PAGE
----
Orders of the Day — Customs (Import Deposits) Bill

Part of the debate – in the House of Commons at 12:00 am on 17th November 1969.

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Photo of Mr Dick Taverne Mr Dick Taverne , Lincoln 12:00 am, 17th November 1969

I said earlier that it is possible under the Bill to terminate the scheme earlier or to modify the proportion. I am not making any promises whatever, but it is possible for this to be phased out, whereas, if we had not continued the scheme, automatically it would have been repaid within the next six months.

I come now to the third main argument, the direct effect of the scheme on the level of imports. Last year my right hon. Friend, my predecessor, was very careful to avoid a specific forecast, and so was I. We said, time after time in our debates, that the direct effects of the scheme would be marginal but useful, and, as it turns out, this would appear to have been the case. I cannot, however, give the House an exact figure now any more than I could last year. Such a figure is no easier to arrive at in retrospect than it was in anticipation.

Since the scheme was introduced, the level of imports has shown only a comparatively slight upward trend of about 4½ per cent., and this has been almost entirely attributable to higher import prices. Recently, imports have been flat, and the average for the last three months is little different from the average for the three months of May to July. I concede straight away that it would be quite wrong to ascribe all this improvement to the direct impact of the import deposits scheme. The other major measures taken to restrain consumption have clearly been the major factor, and, indeed, the slow growth of imports this year is as true of goods exempt from the scheme as it is of goods which are covered.

Probably, the best indicator which I can give to the House can be found from comparing the annual rate of increase, on the one hand, of goods subject to the scheme before and after its introduction with the comparable rates, on the other, over a similar period for exempt goods. Before giving the House the figures, I must re-emphasise the extreme difficulty of assessing what would have happened if the scheme had not been in existence and the difficulty of isolating the impact of the scheme from other measures.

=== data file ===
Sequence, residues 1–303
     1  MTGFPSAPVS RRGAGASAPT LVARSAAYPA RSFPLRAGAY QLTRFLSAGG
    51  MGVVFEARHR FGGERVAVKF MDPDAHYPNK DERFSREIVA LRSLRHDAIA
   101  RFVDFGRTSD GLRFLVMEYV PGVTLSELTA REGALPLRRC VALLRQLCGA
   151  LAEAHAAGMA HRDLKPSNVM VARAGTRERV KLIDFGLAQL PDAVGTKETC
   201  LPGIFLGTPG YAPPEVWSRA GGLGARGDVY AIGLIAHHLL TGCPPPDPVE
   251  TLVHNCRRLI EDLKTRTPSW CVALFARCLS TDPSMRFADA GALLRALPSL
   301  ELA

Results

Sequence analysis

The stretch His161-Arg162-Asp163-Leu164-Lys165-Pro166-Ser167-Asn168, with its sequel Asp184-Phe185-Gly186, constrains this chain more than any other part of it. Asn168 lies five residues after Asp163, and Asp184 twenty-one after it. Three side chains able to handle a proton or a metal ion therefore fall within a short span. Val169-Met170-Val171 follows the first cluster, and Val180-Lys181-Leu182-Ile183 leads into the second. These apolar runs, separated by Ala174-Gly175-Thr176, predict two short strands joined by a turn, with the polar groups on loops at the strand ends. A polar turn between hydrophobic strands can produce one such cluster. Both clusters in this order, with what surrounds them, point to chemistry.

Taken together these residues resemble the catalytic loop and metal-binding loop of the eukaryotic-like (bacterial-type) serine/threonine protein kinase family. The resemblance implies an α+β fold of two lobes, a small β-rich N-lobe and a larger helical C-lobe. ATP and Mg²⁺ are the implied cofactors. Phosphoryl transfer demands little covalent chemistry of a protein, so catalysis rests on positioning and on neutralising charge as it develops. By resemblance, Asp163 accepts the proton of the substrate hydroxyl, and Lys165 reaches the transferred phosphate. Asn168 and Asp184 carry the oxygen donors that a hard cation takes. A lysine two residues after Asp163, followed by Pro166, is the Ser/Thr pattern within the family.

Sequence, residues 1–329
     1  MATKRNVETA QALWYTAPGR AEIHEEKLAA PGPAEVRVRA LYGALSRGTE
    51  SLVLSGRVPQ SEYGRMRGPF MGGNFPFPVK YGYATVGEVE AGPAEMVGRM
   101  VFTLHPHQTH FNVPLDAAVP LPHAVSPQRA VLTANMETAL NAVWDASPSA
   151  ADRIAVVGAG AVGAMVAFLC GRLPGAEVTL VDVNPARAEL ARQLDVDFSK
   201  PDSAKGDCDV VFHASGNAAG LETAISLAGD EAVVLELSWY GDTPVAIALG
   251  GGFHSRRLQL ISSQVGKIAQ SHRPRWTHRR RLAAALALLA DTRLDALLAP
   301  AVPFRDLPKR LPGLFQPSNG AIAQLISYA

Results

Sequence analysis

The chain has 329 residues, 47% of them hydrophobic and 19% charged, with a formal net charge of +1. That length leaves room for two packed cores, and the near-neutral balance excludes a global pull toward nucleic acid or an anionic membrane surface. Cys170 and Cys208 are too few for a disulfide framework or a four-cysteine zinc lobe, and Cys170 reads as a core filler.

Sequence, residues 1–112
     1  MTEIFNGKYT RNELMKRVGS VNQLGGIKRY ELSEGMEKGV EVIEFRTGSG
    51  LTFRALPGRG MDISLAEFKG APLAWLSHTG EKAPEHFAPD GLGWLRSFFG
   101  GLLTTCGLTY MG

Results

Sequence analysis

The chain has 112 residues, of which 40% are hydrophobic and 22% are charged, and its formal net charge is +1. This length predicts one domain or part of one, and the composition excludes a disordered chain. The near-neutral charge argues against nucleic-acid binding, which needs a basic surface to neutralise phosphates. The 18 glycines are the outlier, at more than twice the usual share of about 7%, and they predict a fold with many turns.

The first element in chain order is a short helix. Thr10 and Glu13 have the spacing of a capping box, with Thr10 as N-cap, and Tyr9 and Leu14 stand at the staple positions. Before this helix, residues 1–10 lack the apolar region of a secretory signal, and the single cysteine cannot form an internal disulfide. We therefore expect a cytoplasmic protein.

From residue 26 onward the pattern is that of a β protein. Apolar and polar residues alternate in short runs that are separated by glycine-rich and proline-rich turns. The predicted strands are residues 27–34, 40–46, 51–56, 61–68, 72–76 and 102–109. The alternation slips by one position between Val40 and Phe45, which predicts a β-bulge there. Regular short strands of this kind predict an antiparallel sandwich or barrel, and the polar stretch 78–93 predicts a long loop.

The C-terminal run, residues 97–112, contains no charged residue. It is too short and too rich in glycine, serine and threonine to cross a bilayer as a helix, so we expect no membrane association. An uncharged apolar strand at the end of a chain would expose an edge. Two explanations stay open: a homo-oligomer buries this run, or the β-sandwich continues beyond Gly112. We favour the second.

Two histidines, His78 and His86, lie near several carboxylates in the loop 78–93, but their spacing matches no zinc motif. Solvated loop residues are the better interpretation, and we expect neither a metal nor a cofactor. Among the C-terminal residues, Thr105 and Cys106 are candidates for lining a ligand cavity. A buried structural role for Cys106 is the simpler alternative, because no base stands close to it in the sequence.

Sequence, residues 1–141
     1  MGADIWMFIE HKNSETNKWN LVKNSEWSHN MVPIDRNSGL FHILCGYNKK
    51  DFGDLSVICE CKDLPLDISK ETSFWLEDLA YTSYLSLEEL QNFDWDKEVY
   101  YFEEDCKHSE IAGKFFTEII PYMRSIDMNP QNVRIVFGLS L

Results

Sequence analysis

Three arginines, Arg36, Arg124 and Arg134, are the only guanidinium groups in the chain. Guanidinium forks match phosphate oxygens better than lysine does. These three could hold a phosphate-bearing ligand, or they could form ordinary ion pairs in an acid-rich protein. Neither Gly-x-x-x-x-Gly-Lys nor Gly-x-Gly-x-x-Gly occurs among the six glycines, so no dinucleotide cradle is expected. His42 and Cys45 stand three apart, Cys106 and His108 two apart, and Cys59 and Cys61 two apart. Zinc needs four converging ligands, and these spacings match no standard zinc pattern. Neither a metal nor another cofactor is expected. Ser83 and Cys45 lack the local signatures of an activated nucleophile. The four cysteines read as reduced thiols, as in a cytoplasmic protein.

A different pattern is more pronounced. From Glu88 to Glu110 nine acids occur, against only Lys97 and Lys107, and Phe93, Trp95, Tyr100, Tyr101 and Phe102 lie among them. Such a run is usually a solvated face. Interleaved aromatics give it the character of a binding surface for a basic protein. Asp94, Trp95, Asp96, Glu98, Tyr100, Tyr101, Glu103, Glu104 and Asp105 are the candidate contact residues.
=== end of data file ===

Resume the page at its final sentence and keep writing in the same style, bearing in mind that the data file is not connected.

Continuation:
Over the five-year period before the scheme, from 1964 to 1968, imports of goods now covered by it rose from an average of £135 million a month in 1964 to £225 million a month in 1968; a rise of 66 per cent. or an annual rate of just over 13 per cent. I have taken this rather longer period in order to excuse the distorting effects of the temporary import charge. In the same period, imports of exempted goods grew from £338 million a month in 1964 to £422 million a month in 1968; an increase of just under 25 per cent., or an annual rate of about 5 per cent. Non-exempt goods were, therefore, growing at a rate approaching three times that of exempted goods.

Since the scheme, imports of exempted goods have grown by about 3 per cent. and those of non-exempted goods have grown by about 6½ per cent. That is just over twice as fast. So the difference between the rate of increase in nonexempt and exempt goods has dropped from nearly three times to just over twice. These figures would, therefore, suggest that the scheme has had a valuable slowing down effect on the rate of increase and, therefore, a useful effect on the level of imports of goods subjected to the scheme, and one may reasonably expect the scheme to have a continuing useful and significant direct effect on imports in 1970—though, again, as in the past, one is not in a position to give any actual figures.

These are the main reasons for the continuance of the scheme. There is little need to say much about the actual terms of the Bill itself. Subsection 1(1) of Clause 1 contains the guts—the extension of the provisions of the Act for a further year, and the reduction of the rate of deposit from 50 per cent. to 40 per cent. Subsection 2(2) of that Clause looks a little complicated but is necessary to ensure the continued exemption from import deposits of goods imported for blind welfare purposes. As far as I know, no point arises under Clause 2.

I will sum up. The purpose of the Bill is to continue a measure of selective credit control operating on importers that has made a useful contribution in a number of ways to the success of our economic policies. It would be rash and it would be foolish to reverse these policies, or any part of them, just when they are paying off. I therefore ask the House to give the Bill its Second Reading so as to enable the scheme, in a modified form, to be continued for a further time.